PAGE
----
doxa) of the Logos, who "was with God," hence distinct in personality, and who "was God," being identical with Him in nature. The burden of the Epistle is the real and perfect humanity (sarx) of Jesus Christ announced in its opening sentence, which appeals to three of the five senses, in proof that he was not a phantom, but a man composed of flesh, blood and bones, — a veritable man, the God-man. It has been well said that the proposition demonstrated in the evangel is "Jesus is the Christ," and that proved in the Letter is "the Christ is Jesus." In the latter case the apostle presents his argument from the divine to the human, from the spiritual and ideal to the historical, the natural position of an evangelist and historian; in the former the writer argues from the human to the divine, from the historical to the ideal and spiritual, which is the natural position of the preacher.

With respect to the doctrine of the last things there is this fundamental difference: "In the Gospel the doctrine of the 'coming' of the Lord (xxi. 22, xvi. 3) and of 'the last day' (vi. 40, 44) and of 'the judgment' (v. 28, 29), are touched upon generally. In the Epistle the 'manifestation' of Christ (ii. 28) and His 'presence' stand out as clear facts in the history of the world. He comes, even as he came 'in flesh' (2 John 7); and 'antichrists' precede his coming (1 John ii. 18,19)." (Bishop Westcott.)

Still more full and distinct in the Epistle than in the Gospel is the doctrine of the atonement. This is in harmony with the general law of the progress of doctrine in the New Testament that doctrines which are in germ form in the Gospels are fully developed in the Epistles of Paul and the other apostles. For an extended exhibition of the doctrine of atonement see concluding note to chapter fifth.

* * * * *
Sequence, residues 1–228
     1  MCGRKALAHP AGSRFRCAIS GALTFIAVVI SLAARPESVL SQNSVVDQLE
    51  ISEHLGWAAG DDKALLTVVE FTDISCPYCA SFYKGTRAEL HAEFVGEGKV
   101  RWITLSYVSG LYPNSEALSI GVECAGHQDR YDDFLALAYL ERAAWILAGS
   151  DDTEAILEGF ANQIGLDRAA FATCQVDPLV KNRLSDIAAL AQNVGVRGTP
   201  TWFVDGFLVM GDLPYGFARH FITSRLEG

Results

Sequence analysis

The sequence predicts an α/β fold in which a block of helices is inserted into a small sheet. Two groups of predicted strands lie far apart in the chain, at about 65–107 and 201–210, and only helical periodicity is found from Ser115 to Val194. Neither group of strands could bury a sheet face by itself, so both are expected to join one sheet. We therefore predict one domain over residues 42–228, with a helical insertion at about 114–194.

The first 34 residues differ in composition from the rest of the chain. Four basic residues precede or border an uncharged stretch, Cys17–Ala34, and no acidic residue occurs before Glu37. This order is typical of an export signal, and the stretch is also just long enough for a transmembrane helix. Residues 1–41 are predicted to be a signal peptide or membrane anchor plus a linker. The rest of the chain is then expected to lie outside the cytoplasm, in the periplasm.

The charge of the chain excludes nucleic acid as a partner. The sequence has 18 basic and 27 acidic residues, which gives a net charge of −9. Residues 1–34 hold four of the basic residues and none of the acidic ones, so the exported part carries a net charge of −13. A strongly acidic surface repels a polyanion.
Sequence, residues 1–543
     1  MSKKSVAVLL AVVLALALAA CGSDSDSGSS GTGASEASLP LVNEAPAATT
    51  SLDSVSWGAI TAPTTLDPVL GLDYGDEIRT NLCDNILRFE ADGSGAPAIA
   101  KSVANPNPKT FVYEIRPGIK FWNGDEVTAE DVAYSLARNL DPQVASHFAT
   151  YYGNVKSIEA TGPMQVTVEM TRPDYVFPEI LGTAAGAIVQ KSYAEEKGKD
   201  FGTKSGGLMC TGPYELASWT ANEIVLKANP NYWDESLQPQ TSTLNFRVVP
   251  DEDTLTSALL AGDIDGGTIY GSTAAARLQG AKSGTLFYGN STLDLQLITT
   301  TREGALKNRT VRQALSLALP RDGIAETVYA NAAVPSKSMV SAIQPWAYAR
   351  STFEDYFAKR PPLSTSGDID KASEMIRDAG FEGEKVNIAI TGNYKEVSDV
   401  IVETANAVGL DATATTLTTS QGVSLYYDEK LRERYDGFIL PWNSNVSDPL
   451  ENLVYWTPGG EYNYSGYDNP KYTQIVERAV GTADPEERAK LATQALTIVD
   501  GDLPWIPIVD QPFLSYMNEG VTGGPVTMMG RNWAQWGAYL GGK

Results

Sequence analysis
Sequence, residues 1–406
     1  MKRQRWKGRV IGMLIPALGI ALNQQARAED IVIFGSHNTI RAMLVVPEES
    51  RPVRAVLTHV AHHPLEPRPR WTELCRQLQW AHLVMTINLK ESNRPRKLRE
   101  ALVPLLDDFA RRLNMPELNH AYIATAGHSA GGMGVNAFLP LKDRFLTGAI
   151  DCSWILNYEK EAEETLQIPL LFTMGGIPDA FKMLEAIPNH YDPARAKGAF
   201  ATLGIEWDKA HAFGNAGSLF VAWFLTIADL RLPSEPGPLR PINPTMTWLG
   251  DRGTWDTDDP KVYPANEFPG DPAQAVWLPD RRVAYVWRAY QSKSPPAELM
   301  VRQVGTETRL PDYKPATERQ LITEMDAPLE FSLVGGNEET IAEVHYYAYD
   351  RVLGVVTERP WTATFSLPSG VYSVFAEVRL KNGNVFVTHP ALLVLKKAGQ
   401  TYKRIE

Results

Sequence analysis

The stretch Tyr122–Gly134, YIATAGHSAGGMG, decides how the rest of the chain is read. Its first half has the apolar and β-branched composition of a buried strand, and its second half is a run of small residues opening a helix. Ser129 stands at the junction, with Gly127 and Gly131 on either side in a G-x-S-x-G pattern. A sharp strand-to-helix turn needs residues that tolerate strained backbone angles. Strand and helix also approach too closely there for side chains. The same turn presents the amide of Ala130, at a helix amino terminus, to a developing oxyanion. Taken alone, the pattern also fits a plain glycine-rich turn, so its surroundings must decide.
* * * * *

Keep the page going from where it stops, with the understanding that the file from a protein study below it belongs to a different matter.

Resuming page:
Another difference exists in the fact that the Lord's words are in the First Epistle molded by His disciple into aphorisms, their historic setting having entirely vanished. The Epistle is generally direct, abstract and destitute of rhetorical imagery. There is also what Bishop Westcott styles "a decisive difference in the atmosphere of the two books. The Epistle deals freely with the truths of the Gospel in direct conflict with the characteristic perils of his own time; in the Gospel he lives again in the presence of Christ and of the immediate enemies of Christ, while he brings out the universal significance of events and teachings not fully understood at the time."

The similarity of the Epistle and the Gospel and their dissimilarity also will be seen when we study a passage in each containing the same fundamental truth: "And this is life eternal, that they should know thee, the only true God, and him whom thou didst send, even Jesus Christ." (John xvii. 3.) Here eternal life is the progressive recognition of God through an increasing knowledge of His Son. The Gospel gives the historic revelation of God. But the Epistle goes further; "And we know that the Son of God is come, and hath given us an understanding, that we may know him that is true, and we are in him that is true, even in his Son Jesus Christ. This is the true God and eternal life." (1 John v.20.) Here we have the revelation as it has been apprehended in the life of the individual believer and of the church through the vitalizing power of the great gift of the risen Christ, the Holy Spirit, first in regeneration and secondly in perfect love.